While a downturn is possible, there is a good chance of strong price recovery too.
Sometimes, a throwaway comment can prove a little distressing. We last reviewed Eurasia Mining (LSE:EUA) six months ago, being pretty positive for its long-term future.
As is our habit, we completed the round-up with a single sentence: “To finish on an easy note, the price needs to fall below 26p to now cause utter panic.”
Needless to say, in January this year the share price decided to explore what could happen if it dropped below 26p.
It hit a bottom at 14p and bounced, fairly unconvincingly, creating the sort of drama we dislike.
The immediate situation for this miner is a little scary. Presently trading around 24p, the price only needs to drill below 23.5p to enter a cycle where reversal to 19.5p calculates as very possible.
We'd hope for a rebound at such a level, if only due to the presence of the immediate red uptrend since the start of 2020.
However, we rather suspect the share price will attempt 14.7p in an attempt to scare investors silly and shake loose some shares. Given this level is marginally above the prior low, substantial hope exists for proper price recovery should this level make an appearance.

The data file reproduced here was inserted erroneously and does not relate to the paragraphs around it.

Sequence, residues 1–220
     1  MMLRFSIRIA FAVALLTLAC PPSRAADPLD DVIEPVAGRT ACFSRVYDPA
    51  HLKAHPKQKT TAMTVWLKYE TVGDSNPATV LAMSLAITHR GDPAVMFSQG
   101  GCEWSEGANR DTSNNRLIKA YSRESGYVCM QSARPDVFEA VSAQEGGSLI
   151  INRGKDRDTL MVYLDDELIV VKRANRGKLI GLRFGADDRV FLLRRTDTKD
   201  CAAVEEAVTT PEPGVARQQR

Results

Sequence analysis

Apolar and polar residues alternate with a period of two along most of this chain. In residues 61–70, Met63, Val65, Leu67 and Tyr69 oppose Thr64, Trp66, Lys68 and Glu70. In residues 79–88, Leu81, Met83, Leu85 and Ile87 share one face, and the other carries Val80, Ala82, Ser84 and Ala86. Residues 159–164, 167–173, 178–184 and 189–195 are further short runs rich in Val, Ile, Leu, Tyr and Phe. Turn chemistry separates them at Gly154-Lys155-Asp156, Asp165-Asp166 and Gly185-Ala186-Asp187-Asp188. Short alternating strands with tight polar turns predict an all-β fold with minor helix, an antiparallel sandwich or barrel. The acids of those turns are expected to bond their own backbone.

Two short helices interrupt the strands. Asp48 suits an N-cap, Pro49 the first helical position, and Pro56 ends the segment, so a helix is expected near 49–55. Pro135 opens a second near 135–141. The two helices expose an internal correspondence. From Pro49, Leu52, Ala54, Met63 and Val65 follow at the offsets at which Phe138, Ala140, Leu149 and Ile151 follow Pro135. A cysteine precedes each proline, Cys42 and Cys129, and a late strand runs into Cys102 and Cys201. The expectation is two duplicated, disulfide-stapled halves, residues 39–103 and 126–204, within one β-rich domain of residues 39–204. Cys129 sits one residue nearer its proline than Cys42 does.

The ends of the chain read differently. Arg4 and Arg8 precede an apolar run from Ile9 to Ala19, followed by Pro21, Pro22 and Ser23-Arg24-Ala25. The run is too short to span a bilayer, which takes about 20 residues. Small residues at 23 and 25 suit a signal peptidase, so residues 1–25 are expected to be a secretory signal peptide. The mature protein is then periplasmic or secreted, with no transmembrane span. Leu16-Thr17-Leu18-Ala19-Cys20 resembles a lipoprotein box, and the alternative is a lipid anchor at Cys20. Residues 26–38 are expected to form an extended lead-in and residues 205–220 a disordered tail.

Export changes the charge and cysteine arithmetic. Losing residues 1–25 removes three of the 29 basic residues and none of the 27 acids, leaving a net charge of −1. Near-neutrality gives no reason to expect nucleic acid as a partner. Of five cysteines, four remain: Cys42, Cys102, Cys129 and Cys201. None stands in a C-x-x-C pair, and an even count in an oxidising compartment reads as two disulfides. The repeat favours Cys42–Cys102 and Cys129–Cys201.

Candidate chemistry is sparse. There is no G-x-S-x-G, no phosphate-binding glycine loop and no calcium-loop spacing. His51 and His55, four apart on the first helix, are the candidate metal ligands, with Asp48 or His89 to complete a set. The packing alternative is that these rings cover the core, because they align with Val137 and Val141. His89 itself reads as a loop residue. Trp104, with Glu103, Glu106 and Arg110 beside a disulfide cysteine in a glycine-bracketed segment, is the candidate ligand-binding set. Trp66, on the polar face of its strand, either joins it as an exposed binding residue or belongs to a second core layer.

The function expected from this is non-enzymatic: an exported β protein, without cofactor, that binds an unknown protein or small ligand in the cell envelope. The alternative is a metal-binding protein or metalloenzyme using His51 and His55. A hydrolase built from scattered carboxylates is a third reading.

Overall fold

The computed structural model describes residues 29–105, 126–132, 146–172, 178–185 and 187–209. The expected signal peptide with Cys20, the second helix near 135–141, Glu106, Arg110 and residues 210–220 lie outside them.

Importantly, and perhaps crucially, we calculate ‘ultimate bottom’ on this at 12p. This represents the level below which we can no longer calculate numbers. In most situations, should one of our ultimate bottoms break ,the share price remains trapped in a twilight zone, with everyone telling each other a miracle will surely happen.
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This time we'll finish on a better note, thanks to the pretty contrived price movements visible against this share price. The entire scenario for reversal is perhaps just too obvious, making us suspect the converse may be just around the corner.
Any excuse to trade above 30p should be interesting, apparently capable of triggering recovery to an initial 41p. Visually, such an ambition makes a lot of sense. Our longer-term secondary calculates at 54p, an aspiration that is truly amazing, as it would take the share to price levels not seen for more than 20 years.
Needless to say, while we believe in our 41p calculation, we've considerable doubts about our workings which produced the 54p figure.
Source: Trends and Targets. Past performance is not a guide to future performance
Alistair Strang has led high-profile and “top-secret” software projects since the late 1970s and won the original John Logie Baird Award for inventors and innovators. After the financial crash, he wanted to know “how it worked” with a view to mimicking existing trading formulas and predicting what was coming next. His results speak for themselves as he continually refines the methodology.
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